Many residents are often confused about Backflow and Backflow Prevention Devices (BPD)…so allow us to help educate you on this topic.
Backflow is the undesirable and hazardous reversal of flow of non-potable water or other substances through a cross-connection and into the piping of a public water system or consumer’s potable water system. Backflow can threaten the safety of the public water supply, which is why New York State has mandated the usage of prevention devices.
A backflow condition may arise when very low or negative street pressure occurs due to water main breaks, hydrants knocked over, etc. When these infrequent events present themselves, water in home and commercial plumbing systems might be siphoned backwards towards the street water main in the absence of a backflow prevention device (BPD).
Backflow Prevention Devices, when properly installed and maintained, guard against these conditions, so please check with our office regarding requirements when installing new plumbing systems including underground irrigation. Please note that underground irrigation systems are often mistakenly called sprinklers.
Your licensed plumber or irrigation system contractor is also knowledgeable about these requirements. If you have a BPD already installed on your plumbing systems, be sure to have it tested annually! Please take note that there are 3 types of BPD commonly used, 1 of which does not require annual testing:
- Reduced Pressure Zone (RPZ)
- Double Check Valve (DCV)
- Pressure Vacuum Breaker (PVB)*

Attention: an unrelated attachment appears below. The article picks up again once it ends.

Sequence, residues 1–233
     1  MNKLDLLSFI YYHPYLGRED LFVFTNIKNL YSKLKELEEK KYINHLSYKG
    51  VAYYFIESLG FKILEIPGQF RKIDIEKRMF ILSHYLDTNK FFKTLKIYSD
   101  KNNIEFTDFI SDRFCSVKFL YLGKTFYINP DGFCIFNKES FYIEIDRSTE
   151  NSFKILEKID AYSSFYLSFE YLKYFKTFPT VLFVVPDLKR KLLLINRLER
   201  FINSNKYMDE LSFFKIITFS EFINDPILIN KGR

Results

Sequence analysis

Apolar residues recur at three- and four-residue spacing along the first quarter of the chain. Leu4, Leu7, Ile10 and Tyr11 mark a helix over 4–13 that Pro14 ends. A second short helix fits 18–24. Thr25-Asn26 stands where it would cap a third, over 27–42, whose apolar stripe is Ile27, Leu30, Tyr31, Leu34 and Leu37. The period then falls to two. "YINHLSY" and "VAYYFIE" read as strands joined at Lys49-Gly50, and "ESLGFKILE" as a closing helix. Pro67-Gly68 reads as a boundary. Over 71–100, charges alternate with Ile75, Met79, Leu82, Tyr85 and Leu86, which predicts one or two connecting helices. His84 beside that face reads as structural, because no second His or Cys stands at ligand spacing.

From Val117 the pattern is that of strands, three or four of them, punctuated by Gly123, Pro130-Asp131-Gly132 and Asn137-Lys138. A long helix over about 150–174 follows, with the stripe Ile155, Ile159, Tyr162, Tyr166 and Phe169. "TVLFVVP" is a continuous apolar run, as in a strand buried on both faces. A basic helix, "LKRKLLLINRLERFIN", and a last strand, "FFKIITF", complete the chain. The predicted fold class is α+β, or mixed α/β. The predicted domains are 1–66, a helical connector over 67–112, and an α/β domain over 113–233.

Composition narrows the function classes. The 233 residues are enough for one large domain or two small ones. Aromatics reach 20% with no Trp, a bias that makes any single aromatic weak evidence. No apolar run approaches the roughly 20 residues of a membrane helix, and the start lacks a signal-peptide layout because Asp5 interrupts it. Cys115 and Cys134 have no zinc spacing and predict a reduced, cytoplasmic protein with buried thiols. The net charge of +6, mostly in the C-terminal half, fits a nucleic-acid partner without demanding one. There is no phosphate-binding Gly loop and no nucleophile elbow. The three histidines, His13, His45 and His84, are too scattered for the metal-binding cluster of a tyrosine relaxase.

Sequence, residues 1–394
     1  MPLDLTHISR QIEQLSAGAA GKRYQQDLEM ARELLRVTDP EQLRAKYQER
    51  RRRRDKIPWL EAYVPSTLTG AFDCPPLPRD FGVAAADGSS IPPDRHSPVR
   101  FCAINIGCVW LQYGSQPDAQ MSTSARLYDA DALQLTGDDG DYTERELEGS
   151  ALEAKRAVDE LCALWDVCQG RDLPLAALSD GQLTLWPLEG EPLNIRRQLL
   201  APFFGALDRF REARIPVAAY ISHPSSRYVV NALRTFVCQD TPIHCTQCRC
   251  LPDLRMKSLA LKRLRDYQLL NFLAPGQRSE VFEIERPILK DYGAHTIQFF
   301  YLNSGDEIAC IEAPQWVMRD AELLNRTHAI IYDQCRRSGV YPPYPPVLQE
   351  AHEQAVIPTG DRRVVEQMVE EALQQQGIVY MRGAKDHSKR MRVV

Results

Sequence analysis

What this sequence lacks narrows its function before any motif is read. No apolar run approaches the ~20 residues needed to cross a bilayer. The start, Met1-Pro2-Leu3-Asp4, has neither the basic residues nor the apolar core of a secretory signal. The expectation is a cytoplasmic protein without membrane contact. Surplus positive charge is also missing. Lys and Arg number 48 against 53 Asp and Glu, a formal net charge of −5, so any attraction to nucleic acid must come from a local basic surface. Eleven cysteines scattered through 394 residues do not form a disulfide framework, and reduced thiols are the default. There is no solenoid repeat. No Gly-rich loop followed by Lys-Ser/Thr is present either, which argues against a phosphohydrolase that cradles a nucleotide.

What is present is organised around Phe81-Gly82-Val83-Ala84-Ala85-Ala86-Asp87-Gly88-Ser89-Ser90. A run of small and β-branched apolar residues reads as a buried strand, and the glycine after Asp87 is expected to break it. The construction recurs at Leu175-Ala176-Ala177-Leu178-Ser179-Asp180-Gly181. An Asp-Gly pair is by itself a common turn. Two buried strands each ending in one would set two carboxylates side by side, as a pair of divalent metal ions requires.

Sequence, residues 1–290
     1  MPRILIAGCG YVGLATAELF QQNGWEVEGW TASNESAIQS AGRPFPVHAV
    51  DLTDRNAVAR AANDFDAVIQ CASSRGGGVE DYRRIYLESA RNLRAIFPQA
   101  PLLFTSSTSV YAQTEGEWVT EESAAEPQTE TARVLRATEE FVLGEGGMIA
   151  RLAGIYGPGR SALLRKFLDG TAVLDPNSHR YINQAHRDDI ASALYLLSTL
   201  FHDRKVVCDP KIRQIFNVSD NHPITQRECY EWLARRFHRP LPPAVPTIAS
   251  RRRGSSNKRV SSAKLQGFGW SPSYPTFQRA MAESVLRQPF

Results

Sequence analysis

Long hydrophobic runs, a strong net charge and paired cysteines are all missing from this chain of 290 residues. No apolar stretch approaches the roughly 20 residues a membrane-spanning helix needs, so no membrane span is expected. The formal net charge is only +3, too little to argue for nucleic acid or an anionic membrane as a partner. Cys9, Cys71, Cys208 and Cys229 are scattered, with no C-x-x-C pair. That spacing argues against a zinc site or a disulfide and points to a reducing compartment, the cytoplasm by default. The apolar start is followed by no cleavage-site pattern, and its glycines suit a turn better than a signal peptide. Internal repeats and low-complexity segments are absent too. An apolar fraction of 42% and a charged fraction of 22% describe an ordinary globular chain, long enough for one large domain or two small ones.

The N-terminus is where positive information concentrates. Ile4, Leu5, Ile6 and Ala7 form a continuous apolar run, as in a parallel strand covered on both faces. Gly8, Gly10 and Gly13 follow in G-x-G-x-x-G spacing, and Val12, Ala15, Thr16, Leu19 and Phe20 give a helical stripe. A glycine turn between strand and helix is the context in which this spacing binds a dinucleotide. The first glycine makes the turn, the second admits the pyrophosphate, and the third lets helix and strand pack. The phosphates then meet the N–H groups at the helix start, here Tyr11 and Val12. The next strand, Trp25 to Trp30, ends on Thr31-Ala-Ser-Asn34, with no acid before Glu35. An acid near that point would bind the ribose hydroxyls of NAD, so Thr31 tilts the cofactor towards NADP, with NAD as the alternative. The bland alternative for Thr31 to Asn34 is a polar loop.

*Irrigation systems using solely a PVB do not need to be tested annually, if no other backflow condition exists on the premises. An initial inspection is required, then subsequent inspections every five years.
Of special note, when winterizing underground irrigation systems, be sure the irrigation system is isolated from the potable feed line before using the air compressor to blow out the lines!
To properly install a Backflow Prevention Device, use the appropriate document below:
Need a few examples of why you need a backflow device?
Water pressure drops suddenly due to a nearby hydrant being utilized to extinguish a fire. Any water that has ‘puddled’ near the irrigation/sprinkler heads, where fertilizers are often present, could be siphoned back into the water supply that you and your neighbors rely on for drinking.
Since a situation where water pressure unexpectedly drops is not uncommon, backflow prevention devices must be used to stop back siphonage from potentially entering the public water system. New York State law mandates the installation of backflow devices on all appliances attached to the public water system such as:
- Underground Irrigation Systems (PVB)
- In-ground Swimming Pools
- Dark Rooms
- Solar Heating Systems
- Private Wells
- Hot Tubs
Most everyone that owns a pool uses the garden hose to fill it up. At the same time the garden hose is submerged in the water, the street water main ruptures thereby setting up a possible negative pressure condition to allow the back siphonage of the pool water. Of course there are many other conditions, including backpressure, which can pose a hazard to the potable supply.